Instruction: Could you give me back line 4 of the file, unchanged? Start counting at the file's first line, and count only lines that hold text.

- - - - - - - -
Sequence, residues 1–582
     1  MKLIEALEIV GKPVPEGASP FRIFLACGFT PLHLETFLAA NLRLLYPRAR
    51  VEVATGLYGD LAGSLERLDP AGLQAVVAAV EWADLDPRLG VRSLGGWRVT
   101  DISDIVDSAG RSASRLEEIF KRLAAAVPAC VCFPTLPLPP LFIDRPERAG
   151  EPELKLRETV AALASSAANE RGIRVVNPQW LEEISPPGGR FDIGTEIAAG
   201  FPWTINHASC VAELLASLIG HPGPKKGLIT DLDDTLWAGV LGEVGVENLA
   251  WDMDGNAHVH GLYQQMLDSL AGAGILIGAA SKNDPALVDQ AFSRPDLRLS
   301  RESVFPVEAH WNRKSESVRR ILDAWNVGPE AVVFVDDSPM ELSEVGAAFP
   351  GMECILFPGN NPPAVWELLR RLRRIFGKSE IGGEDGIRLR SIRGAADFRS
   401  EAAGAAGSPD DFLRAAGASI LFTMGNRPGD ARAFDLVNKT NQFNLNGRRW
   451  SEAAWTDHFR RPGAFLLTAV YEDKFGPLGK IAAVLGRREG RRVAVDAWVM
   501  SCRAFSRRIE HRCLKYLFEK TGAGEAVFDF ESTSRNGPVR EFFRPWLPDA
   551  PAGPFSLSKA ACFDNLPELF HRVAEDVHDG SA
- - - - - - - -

   101  DISDIVDSAG RSASRLEEIF KRLAAAVPAC VCFPTLPLPP LFIDRPERAG